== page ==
Nora Roberts, “Whiskey Beach”

Book design, Meighan Cavanaugh; http://www.us.penguingroup.com/nf/Book/BookDisplay/0,,9780399159893,00.html?Whiskey_Beach_Nora_RobertsIt’s the nature of an accusation: once tossed out, the stain remains. It’s unfair. It’s infuriating. And it’s human nature to judge, and judge easily. Eli Landon, a man deemed guilty in the court of public opinion, knows he is innocent of any crime other than plain foolishness. But proving it and wiping free the ugly smudge of guilt? It’s next to impossible.

Plot Overview: Family, Suspicion and Faith

Eli, a blue-blooded Boston criminal attorney, was preparing for a bitter divorce with his cheating wife, Lindsay; the battle he got, however, was entirely unexpected. Coming home hours after a vicious confrontation, Eli found Lindsay murdered, her head bashed in with a fireplace poker. He quickly became the prime suspect, and though the circumstantial evidence was strong, Eli was never charged.

One year later, he slinks back to the family home, battered and wounded, a soldier returning from a war he never wanted to fight. Bluff House is a balm on his wounds, as is the housekeeper, Abra. Despite his best efforts, Eli continues to fight for his innocence, even as he struggles to reconstruct his shattered life. No one, it seems, is safe around him, at least until he and Abra come up with a plan to snare the man determined to take Eli down.

Criticisms and Compliments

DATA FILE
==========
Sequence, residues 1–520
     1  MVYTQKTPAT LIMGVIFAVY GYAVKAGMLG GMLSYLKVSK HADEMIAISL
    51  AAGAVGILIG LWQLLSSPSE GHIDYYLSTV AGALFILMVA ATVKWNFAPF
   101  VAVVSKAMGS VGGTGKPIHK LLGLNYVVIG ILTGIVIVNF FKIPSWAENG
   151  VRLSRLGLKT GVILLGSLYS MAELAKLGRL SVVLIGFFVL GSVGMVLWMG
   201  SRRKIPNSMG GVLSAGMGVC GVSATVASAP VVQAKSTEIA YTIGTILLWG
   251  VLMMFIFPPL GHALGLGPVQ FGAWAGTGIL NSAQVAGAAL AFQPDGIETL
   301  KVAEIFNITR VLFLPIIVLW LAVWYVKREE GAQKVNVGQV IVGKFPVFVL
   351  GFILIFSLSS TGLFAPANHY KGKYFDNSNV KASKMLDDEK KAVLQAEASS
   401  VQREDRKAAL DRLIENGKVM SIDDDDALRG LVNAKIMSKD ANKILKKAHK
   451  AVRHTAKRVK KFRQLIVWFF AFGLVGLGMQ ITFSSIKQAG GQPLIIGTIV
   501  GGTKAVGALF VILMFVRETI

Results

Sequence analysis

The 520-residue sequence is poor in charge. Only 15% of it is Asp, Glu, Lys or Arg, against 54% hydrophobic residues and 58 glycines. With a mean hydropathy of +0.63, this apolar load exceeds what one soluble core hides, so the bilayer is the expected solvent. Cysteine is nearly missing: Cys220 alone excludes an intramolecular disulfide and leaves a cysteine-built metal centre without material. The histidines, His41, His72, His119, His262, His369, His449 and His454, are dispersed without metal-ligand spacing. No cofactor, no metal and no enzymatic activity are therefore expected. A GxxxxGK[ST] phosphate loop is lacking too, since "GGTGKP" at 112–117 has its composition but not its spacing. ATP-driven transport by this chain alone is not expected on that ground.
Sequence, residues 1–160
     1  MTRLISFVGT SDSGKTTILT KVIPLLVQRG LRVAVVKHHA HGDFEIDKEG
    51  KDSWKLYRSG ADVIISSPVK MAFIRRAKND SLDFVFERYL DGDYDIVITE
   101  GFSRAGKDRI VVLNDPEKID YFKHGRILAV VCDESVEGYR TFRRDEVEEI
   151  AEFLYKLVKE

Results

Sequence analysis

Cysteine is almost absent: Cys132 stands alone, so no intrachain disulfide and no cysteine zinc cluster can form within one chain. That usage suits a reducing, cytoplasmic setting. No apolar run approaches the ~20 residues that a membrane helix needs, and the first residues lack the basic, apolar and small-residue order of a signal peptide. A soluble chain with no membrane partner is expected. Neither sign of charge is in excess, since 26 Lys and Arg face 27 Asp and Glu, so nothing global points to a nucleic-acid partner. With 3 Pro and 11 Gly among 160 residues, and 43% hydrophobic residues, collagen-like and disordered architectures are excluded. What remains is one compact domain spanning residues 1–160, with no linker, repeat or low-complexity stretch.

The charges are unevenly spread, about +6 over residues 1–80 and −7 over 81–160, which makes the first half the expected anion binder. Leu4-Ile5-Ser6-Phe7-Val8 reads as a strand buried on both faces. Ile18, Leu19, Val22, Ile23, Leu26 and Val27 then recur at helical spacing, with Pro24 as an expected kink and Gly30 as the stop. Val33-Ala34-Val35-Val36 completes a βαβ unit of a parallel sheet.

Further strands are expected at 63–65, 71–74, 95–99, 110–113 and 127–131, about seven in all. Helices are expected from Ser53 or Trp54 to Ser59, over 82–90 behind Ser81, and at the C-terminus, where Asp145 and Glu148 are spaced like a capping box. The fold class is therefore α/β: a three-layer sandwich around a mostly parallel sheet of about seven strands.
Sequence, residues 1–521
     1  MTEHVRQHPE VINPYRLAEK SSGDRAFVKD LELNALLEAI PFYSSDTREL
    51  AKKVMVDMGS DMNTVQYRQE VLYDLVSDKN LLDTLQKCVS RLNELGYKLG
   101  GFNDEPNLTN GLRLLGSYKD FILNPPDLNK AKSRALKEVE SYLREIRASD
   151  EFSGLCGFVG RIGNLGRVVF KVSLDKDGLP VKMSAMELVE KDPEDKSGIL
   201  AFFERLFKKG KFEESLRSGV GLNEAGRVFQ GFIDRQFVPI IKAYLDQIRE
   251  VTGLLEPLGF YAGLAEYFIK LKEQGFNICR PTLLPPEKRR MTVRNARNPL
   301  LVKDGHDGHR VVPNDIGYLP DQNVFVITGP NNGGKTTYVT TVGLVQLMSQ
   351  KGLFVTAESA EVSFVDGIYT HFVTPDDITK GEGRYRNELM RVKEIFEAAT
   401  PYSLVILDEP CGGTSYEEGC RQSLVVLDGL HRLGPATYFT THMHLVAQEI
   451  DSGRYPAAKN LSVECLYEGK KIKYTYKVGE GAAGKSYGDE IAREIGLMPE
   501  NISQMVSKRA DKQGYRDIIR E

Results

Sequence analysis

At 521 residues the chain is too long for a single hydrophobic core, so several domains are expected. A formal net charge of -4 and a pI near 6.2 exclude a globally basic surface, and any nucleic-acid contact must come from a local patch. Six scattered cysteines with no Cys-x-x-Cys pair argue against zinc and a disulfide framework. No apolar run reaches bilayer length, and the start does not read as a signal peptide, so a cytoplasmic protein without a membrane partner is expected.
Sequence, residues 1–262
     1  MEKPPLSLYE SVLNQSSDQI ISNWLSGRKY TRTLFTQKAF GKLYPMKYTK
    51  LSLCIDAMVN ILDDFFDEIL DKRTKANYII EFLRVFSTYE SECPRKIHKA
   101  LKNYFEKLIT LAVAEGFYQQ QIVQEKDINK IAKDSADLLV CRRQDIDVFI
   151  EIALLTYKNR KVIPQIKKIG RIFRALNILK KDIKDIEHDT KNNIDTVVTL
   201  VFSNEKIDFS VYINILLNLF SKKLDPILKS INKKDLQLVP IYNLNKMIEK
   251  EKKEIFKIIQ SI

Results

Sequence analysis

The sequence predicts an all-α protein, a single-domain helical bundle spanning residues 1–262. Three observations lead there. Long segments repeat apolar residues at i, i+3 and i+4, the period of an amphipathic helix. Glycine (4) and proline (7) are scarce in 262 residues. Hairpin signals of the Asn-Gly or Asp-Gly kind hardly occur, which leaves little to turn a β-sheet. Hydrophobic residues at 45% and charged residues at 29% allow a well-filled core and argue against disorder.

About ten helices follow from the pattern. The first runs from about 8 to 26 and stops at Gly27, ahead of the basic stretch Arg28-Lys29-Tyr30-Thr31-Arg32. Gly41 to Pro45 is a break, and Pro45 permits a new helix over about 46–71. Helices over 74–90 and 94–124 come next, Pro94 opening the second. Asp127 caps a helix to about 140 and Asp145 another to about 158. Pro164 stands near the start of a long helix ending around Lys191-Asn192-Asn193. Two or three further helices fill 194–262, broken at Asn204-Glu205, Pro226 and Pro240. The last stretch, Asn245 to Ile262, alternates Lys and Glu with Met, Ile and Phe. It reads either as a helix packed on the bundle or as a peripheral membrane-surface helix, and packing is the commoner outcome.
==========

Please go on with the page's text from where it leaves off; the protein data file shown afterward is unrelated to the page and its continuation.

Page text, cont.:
At first glance, Whiskey Beach doesn’t seem that interesting; a scarred man escapes to the beautiful family home on the beach to lick his wounds and recover. Naturally, he falls in love with the dusky, exotic and vulnerable housekeeper. The end. Judging a book by its cover, however, is absolutely the wrong way to go with Whiskey Beach. Yes, it has the typical and expected elements of a romance novel, but such is the nature of the genre. Eli Landon is also surprisingly complex, and while it’s not the first time Roberts has created a character who is a writer (just check out Grayson Thane in Born in Ice), Eli’s emotional journey is reflected in his own novel’s development. It’s a nice parallel.

The only disappointing part of Whiskey Beach is that Roberts doesn’t hold back the identity of private investigator Duncan’s murderer, though Lindsay’s murderer is left to be exposed at the end. The problem, aside from the killer(s) being predictable, is that Roberts is so skilled at surprising the reader with the antagonist (Montana Sky is a great example) that the reader can’t help but feel a little let down that she didn’t wait to reveal the whodunit in spectacular, shocking fashion.

Whiskey Beach is a good read, but it could have been better. Still, the pacing and writing is excellent, and Eli and Abra make for a believable couple.